oct 10 // the dirty fabulous + jeff sparks
This month we are featuring some of Oklahoma City’s best illustrative artists.
The Dirty Fabulous is exhibiting 3 original works along with 4 archival reproductions. These works are created with acrylic and oil on metal and are a part of an ongoing series since 1993. “The Dirty Fabulous produces relics of the modern American psyche in large-scale mixed media paintings and drawings. Referencing diverse historical, literary and pop subjects. The compositions are littered with symbolic imagery that is part satire, personal musing and broken alchemy….”
We are also excited to feature the work of Jeff Sparks this month whose works and are painstakingly stippled in a process he likens to painting in that he works “… over the same area multiple times to build depth and detail, similar to working from an under-painting.” His works are inspired by mythological and occult stories, theology, philosophy and the occult.
You can read more below about their work and process.
You can RSVP to the Facebook Event here.
The Dirty Fabulous What is your medium/process? Images are worked up from large scale drawings and a fair amount of research. Paintings are done in acrylic and oil paint on metal. Pieces typically take about a month to complete and are done completely by hand.
Where are you from?
How would you describe your latest body of work? I am very interested in referencing ancient mythology / belief systems. So while the works visually have their origins in pop culture, comics, pulp illustrations - the content of the work is in many ways quite serious. I see them as fables or stories, retold as a kind of dark comedy.
What inspires you? The usual suspects- literature, art, music, life -basically the entire specter of our human drama.
How did you get started? These started as a fluke, really. However, like many things that start as a fun, open-ended exploration, they have the chance of growing into something much more.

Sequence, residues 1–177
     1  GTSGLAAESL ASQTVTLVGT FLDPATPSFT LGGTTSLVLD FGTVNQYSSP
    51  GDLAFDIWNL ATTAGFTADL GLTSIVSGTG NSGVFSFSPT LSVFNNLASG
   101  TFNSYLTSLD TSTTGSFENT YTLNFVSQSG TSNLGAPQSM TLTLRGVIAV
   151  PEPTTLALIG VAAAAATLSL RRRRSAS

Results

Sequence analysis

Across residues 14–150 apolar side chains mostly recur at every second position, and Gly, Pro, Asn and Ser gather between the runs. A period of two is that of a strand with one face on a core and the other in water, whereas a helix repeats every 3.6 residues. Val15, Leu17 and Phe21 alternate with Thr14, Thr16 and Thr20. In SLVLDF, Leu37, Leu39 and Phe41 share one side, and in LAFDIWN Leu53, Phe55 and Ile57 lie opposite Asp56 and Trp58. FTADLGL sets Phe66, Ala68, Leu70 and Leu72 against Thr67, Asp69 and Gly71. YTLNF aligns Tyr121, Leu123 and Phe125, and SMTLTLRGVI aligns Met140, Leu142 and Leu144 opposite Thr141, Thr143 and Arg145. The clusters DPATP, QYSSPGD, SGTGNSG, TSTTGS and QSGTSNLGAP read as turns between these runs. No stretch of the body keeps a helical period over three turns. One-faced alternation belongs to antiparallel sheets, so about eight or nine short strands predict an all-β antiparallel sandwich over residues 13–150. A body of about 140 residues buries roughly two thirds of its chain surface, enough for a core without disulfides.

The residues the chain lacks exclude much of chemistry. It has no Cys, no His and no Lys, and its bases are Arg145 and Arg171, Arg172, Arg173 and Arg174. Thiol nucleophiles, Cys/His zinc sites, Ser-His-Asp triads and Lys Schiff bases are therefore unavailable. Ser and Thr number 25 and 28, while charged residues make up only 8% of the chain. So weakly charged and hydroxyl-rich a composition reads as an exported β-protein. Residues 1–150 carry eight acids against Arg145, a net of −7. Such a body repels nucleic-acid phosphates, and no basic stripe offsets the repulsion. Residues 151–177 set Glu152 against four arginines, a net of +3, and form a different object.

What are your goals for the future? Keep painting. I enjoy the opportunity to participate in shows like this and contribute to Oklahoma City's growing visual culture.
Jeff Sparks What is your medium/process? Primarily I work with ink, stippling. My process is a bit atypical for stippled ink work though. I have gravitated toward a style more like painting in that I will work over the same area multiple times to build depth and detail, similar to working from an under-painting.
Where are you from? Nowhere special, just Oklahoma.
How would you describe your latest body of work? The themes are still dark, though not overtly morbid in my opinion. I have been drawing more from nature, mythological, and occult sources to build the imagery. It is more of a free-form atavistic approach though, creating more from feeling rather than creating imagery specific to any particular story or myth.
What inspires you? I can recall that even as a child, I felt persistent anxiety about, not only my existence, but existence in general as well as more pressing issues like: whether or not I was going to die that day from a full nuclear assault or simply a biblical end times/rapture scenario. Those sort of things never really go away and as a result I suppose, I have always lurked in the shadows of the more esoteric circles. Mix all of that with a little D&D, teenage rebellion, and a religious upbringing; you get a completely normal guy with a fascination in mysticism, theology, philosophy and the occult.
I guess that doesn’t really answer the question. All of that said though, I can say that I draw a lot of inspiration from music and literature without going into great detail about the kind of music and books from which I would derive said inspiration. I will say that I hold a special affinity for the works of Joris-Karl Huysmans, Jeffrey Burton Russell, David Tibet and Virgil Finlay.
How did you get started? I don’t really know. I’ve always drawn and I used to paint, but I started working with ink a lot while I was taking illustration classes at UCO. I felt more suited to working in that method as well as feeling that it allowed me to more accurately achieve what I wanted in my images. Everything else kind of fell away and it has just progressed from there.
What are your goals for the future? I would just like to continue working with enough success to eke out an existence and maybe find a small place on a hillside with my cats, away from all the peoples.
More short term though, I would like to start working on the Key of Solomon project that I’ve been dreaming about for the past decade. It is a very daunting undertaking that will probably take me years to complete based on the volume of work and the relative speed at which I can work.